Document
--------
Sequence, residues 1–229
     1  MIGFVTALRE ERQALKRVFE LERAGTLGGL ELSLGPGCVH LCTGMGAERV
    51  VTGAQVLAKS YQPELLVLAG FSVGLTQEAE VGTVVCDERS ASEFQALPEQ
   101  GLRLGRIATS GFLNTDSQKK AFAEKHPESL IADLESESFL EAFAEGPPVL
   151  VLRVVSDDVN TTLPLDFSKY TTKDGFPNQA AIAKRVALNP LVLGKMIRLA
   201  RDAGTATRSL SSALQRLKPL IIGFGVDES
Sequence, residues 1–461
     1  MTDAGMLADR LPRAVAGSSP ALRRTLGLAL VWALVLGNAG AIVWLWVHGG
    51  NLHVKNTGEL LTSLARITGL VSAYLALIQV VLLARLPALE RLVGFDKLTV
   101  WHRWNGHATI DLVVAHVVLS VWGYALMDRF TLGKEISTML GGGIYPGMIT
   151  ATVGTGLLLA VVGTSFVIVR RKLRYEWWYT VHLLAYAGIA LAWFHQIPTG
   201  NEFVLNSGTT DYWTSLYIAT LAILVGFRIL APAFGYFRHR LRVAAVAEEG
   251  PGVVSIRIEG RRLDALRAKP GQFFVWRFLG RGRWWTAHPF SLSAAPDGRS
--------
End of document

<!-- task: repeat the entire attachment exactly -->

Sequence, residues 1–229
     1  MIGFVTALRE ERQALKRVFE LERAGTLGGL ELSLGPGCVH LCTGMGAERV
    51  VTGAQVLAKS YQPELLVLAG FSVGLTQEAE VGTVVCDERS ASEFQALPEQ
   101  GLRLGRIATS GFLNTDSQKK AFAEKHPESL IADLESESFL EAFAEGPPVL
   151  VLRVVSDDVN TTLPLDFSKY TTKDGFPNQA AIAKRVALNP LVLGKMIRLA
   201  RDAGTATRSL SSALQRLKPL IIGFGVDES
Sequence, residues 1–461
     1  MTDAGMLADR LPRAVAGSSP ALRRTLGLAL VWALVLGNAG AIVWLWVHGG
    51  NLHVKNTGEL LTSLARITGL VSAYLALIQV VLLARLPALE RLVGFDKLTV
   101  WHRWNGHATI DLVVAHVVLS VWGYALMDRF TLGKEISTML GGGIYPGMIT
   151  ATVGTGLLLA VVGTSFVIVR RKLRYEWWYT VHLLAYAGIA LAWFHQIPTG
   201  NEFVLNSGTT DYWTSLYIAT LAILVGFRIL APAFGYFRHR LRVAAVAEEG
   251  PGVVSIRIEG RRLDALRAKP GQFFVWRFLG RGRWWTAHPF SLSAAPDGRS